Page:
A faltering standard?

Brian Levin, who is director of the Center for the Study of Hate and Extremism at California State University, says the net result of these seemingly procedural issues is a serious undercounting of hate crimes in Hawaii. He says years in which Hawaii has reported a single hate crime reflect not an absence of bigoted violence, but a failure to take it seriously.

“Reporting only one incident, two years in a row, makes Hawaii the worst state in the United States with regard to hate crime reporting,” he says. “Neck-and-neck with Mississippi.” Levin–who points out that Mississippi is a state with a high level of racial violence but a very low level of hate crimes reports–says he believes the narrowness of Hawaii’s law and its failure to participate in the FBI’s program share a single cause.

“Hawaii has always had difficulty in identifying prejudice,” he says, “and of really dealing with it in a forthright manner. I think Hawaii is sensitive based on the fact that it’s a unique place, and to really acknowledge that there’s any kind of problem interferes with the laid back, ‘we all get along’ reputation that in many cases is well-deserved.”

Levin says regardless of the general tenor of social attitudes here, the reporting is simply not credible.

“I love Hawaii,” Levin says, “but I’m in my third decade of studying hate and extremism. For a state with about 1.3 million people to have one reported hate crime strains all credulity.”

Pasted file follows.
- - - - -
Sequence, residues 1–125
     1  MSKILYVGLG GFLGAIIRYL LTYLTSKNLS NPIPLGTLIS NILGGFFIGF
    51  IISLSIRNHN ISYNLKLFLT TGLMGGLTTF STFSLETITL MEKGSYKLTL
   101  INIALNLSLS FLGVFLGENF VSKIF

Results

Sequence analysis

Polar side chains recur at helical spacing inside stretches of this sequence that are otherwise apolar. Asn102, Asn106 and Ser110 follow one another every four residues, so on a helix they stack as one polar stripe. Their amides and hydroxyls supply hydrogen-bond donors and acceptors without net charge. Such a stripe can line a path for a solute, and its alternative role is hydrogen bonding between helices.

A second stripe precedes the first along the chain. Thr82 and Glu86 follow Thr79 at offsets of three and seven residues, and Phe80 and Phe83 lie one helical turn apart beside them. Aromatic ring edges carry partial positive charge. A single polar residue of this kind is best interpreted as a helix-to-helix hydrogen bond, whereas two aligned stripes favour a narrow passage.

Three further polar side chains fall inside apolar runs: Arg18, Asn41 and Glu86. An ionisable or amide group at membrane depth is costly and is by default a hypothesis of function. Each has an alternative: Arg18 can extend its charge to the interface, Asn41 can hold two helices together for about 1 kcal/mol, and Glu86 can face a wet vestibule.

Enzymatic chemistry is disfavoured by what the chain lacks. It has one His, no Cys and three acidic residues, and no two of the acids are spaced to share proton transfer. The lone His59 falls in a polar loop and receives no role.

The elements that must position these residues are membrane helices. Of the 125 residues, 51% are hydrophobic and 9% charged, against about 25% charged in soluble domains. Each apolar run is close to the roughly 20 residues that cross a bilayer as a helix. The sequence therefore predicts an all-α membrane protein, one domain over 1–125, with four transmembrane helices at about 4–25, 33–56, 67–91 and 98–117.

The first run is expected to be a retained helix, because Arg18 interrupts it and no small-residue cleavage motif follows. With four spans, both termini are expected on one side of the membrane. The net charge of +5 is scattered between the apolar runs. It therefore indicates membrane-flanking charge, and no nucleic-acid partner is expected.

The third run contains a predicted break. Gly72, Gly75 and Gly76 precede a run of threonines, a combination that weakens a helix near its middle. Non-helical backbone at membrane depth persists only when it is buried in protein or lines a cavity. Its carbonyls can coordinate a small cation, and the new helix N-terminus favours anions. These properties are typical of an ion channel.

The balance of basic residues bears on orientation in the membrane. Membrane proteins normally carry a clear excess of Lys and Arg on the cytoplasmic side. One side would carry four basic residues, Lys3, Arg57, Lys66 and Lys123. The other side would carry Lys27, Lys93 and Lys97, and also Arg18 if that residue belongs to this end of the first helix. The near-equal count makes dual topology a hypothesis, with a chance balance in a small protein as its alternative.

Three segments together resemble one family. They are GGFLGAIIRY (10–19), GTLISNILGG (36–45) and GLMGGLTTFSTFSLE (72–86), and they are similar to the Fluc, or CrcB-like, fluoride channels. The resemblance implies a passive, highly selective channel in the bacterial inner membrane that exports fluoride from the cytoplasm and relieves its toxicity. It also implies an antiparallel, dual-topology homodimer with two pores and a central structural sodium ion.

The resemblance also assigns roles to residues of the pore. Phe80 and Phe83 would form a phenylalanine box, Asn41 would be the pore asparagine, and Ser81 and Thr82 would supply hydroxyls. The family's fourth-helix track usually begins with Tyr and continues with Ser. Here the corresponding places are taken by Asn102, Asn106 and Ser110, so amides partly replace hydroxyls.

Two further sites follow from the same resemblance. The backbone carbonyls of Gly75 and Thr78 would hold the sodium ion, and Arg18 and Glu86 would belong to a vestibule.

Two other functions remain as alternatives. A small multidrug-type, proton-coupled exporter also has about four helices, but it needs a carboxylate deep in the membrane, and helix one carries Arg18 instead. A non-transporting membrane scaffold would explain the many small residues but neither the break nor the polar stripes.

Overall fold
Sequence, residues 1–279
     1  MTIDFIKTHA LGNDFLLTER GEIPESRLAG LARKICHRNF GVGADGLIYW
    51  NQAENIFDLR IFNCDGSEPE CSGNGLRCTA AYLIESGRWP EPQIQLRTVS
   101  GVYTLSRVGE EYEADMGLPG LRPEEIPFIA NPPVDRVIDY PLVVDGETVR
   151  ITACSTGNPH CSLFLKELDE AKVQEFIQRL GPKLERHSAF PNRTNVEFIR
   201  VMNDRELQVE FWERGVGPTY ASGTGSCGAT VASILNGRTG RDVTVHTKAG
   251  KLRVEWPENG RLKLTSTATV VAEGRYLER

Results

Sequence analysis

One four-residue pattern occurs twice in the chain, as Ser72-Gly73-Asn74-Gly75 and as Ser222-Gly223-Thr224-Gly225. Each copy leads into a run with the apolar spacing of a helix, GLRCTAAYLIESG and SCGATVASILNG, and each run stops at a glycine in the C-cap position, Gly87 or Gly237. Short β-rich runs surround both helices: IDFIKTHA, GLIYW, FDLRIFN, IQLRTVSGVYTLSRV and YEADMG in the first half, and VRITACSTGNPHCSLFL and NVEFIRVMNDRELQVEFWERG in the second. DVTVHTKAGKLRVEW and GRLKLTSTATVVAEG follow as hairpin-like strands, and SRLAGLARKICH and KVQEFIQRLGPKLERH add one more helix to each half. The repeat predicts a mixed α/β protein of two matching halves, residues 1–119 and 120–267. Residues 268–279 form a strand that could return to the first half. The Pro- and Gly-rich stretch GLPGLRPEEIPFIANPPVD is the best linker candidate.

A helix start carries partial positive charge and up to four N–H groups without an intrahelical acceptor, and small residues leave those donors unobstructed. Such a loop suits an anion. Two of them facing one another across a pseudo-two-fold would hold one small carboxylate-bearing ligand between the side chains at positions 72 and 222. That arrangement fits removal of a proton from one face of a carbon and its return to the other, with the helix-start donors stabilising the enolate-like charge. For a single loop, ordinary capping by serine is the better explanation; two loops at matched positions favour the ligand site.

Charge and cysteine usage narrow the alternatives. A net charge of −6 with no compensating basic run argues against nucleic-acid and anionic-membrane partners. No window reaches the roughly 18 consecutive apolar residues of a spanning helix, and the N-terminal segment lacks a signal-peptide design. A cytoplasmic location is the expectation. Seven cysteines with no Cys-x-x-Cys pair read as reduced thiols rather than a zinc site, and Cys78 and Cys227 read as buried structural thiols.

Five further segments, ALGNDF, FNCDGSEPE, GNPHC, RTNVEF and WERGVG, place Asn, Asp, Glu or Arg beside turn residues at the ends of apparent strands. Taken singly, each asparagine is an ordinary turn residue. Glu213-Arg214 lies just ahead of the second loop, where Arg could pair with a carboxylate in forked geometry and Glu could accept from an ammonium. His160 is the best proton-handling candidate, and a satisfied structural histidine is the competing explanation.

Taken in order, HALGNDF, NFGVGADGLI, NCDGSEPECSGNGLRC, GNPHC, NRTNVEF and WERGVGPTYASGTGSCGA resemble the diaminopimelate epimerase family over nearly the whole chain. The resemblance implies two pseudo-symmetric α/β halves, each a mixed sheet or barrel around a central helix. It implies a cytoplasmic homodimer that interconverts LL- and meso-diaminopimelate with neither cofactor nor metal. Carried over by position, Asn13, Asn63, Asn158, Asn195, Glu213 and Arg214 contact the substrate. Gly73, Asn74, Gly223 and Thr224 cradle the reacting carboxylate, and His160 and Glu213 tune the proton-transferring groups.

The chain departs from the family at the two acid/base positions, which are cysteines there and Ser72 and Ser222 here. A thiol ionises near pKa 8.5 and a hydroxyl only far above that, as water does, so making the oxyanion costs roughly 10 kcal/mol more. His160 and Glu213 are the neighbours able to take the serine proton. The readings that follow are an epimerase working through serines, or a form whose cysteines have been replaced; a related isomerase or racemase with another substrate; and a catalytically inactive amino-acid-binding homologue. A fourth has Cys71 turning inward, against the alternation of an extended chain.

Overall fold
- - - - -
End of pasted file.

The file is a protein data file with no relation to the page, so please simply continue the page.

The solution, Levin says, could be new legislation aimed at broadening the definition of hate crimes and freeing prosecutors to bring more charges.

Carlisle, however, believes that’s a solution in search of a problem.

“I couldn’t agree with [Levin’s] statement less,” he says. “I don’t think we need new statutes.”

While Carlisle acknowledges that hate crimes are underreported in Hawaii as elsewhere, he says he believes Hawaii is different.

“My guess is we do have fewer hate crimes,” Carlisle says, pointing to the many cultural and social differences between Hawaii and other states. “At least as far as I can see, in terms of having lived in very segregated communities in New England, because we are so close to one another and because there is so much intermarriage, and because we are so diverse, Hawaii is different.

How many other states have more interracial marriages than intraracial marriages? You have so many people of mixed-race parentage–all of that tends to blur the primacy of race.”